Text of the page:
The 1973 film of Michael Moorcock’s novel of the same name, The Final Programme did not find favour with the author. Few authors do, I suspect. To see your story stamped to bits and remade by another at least it shares enough with the original that fans are able to enjoy what is, after all, the only time we’re ever likely to see Jerry Cornelius on the screen big or small. Moorcock does praise many of the actors who improvised and made the best of it, and because of them then this is a film that’s always going to make me smile.
I first saw it late one Sunday night as a youth, in black and white and on whatever used to show left field films before Moviedrome. I did not see it again until a couple of years back at a friend’s house, and then shortly thereafter for the third time at the BFI where Moorcock the great man himself sat across the aisle from us before standing up at the end to sat once again say how he really didn’t like it at all. That made it no less special. Nor less that (myself at the time heavily bearded and bent upon a walking stick) his good lady wife shooed away the masses so that I could exchange a few words and a photo. Michael Moorcock’s big by the way. His great paw could fell any number of upstart young authors with one swipe.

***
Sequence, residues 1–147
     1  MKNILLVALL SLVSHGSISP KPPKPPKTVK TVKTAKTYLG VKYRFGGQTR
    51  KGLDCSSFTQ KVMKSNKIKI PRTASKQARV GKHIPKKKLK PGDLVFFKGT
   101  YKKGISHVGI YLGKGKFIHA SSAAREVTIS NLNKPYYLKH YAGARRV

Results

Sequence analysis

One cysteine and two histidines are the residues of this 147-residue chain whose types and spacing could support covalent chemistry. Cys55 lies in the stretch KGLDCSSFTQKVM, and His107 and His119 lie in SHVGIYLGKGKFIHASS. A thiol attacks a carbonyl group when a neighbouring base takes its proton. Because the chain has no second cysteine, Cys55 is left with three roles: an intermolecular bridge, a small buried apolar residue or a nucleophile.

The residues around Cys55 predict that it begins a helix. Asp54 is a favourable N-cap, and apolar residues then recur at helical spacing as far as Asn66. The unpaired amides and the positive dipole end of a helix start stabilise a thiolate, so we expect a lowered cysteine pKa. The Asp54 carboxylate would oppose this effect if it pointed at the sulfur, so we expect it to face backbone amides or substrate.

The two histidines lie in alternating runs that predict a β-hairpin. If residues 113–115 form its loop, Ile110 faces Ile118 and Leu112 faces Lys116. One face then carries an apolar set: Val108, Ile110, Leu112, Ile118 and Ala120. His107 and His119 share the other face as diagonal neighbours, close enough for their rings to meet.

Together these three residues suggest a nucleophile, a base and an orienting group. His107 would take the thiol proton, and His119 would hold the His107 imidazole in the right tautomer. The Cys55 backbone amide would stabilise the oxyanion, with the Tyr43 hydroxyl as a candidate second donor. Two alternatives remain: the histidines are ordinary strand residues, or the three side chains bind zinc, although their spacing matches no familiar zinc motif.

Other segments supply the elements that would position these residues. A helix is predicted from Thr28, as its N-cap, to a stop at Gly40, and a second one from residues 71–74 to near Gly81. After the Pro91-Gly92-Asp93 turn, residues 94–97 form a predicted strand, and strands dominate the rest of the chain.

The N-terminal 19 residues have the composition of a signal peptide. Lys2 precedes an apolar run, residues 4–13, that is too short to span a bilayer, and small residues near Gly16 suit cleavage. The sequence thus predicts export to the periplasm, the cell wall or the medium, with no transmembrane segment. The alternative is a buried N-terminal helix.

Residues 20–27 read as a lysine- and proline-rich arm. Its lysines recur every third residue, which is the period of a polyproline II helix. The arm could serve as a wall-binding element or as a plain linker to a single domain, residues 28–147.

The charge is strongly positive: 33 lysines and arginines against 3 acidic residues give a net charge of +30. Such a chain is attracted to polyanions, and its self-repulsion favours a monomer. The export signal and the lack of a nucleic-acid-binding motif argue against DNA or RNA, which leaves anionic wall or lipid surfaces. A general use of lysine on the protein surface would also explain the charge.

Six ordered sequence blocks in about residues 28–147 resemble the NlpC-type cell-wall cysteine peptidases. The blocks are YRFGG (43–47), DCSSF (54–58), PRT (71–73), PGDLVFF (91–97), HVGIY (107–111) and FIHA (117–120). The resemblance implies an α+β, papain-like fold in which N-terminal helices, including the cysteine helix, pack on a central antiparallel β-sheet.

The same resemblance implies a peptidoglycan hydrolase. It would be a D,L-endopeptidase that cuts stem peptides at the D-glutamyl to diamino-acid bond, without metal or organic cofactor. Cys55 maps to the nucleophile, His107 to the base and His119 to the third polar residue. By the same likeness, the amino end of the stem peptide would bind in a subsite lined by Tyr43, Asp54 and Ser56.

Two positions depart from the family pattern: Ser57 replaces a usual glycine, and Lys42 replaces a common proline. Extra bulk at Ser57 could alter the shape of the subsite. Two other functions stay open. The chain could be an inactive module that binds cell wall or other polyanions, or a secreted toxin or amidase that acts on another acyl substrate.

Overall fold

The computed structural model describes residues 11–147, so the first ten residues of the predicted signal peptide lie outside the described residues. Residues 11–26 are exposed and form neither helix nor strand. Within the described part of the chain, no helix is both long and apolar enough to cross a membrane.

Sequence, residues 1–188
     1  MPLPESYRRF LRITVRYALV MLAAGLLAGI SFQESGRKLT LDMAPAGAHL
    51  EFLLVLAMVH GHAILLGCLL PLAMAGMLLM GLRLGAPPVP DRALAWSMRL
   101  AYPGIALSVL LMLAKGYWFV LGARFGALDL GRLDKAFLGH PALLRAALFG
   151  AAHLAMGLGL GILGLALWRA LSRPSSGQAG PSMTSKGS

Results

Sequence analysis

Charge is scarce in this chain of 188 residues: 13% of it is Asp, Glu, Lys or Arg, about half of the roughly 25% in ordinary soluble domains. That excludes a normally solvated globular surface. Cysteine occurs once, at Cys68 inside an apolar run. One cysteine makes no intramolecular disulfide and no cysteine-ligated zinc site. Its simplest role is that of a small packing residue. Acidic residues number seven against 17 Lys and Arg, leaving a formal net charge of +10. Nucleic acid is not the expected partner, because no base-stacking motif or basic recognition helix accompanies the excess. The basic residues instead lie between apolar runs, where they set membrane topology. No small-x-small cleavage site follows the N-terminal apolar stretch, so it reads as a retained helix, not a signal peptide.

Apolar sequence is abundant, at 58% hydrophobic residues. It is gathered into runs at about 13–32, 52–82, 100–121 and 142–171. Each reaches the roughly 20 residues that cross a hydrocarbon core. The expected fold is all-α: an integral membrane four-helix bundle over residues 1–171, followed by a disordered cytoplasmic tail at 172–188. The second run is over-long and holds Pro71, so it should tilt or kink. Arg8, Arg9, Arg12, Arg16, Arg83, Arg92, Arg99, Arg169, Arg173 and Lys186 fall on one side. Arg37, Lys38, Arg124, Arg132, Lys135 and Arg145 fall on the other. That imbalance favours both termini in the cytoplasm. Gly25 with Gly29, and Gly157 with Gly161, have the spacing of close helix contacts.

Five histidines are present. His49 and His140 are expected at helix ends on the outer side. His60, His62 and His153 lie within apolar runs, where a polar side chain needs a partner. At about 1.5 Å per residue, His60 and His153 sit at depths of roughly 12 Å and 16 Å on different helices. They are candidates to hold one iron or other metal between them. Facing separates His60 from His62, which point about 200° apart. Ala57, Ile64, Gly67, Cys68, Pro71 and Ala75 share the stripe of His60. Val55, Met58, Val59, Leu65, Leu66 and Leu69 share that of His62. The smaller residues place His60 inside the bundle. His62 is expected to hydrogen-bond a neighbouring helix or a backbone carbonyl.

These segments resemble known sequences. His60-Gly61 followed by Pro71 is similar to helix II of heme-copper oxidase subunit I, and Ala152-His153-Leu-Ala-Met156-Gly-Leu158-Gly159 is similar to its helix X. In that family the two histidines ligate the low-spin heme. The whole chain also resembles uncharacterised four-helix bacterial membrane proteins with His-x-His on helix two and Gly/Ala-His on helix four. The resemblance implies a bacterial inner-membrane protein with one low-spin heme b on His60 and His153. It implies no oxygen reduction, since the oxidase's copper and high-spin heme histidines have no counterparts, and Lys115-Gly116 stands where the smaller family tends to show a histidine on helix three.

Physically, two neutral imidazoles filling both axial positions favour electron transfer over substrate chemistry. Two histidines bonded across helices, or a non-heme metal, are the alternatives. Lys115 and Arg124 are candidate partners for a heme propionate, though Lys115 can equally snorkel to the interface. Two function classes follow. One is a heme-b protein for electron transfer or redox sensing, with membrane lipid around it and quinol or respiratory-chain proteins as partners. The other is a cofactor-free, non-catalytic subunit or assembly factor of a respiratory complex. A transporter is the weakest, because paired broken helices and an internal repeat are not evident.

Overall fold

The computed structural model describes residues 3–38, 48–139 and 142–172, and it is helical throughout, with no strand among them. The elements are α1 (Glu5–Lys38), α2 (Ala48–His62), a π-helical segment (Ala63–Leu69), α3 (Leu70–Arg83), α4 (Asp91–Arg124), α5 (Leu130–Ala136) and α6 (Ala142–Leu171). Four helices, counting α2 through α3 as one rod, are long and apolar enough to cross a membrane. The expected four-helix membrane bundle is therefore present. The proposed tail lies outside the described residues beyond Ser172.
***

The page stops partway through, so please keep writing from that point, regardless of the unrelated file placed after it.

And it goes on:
Perhaps because I’ve seen it the film less times than I’ve read the book it remains special for me. I choose to see it as the same characters with rather loosely, almost, the same, sort of, not really at all, plot. In keeping with the milieu another version crossed across the multiverse, just as the original is the hipper, more ravishing telling of the early Elric myth. There are giant plastic bubbles with Hawkwind in the background. There are psychotropic defences on mysterious family piles. Great rolling automobiles come with cup holders and whisky. Miss Brunner is more delicious than villainous, and Jon Finch is a very good Jerry indeed. Admittedly why in the film where the Final Programme itself is a self-replicating perfect being it is represented by a crippled ape I don’t think anyone is entirely sure. But it’s the 1960s as we really would like it to have been. Where heroes if you have to have them, are as anti as they are reluctant. And where climactic fights go terribly awry with the hero scrambling away from an angry Greek, and with shouts of ‘Miss Brunner, I’m losing!’
And it allows the shot above where on set Moorcock and Cornelius are sharing words. So all in all it was still a very tasty world indeed.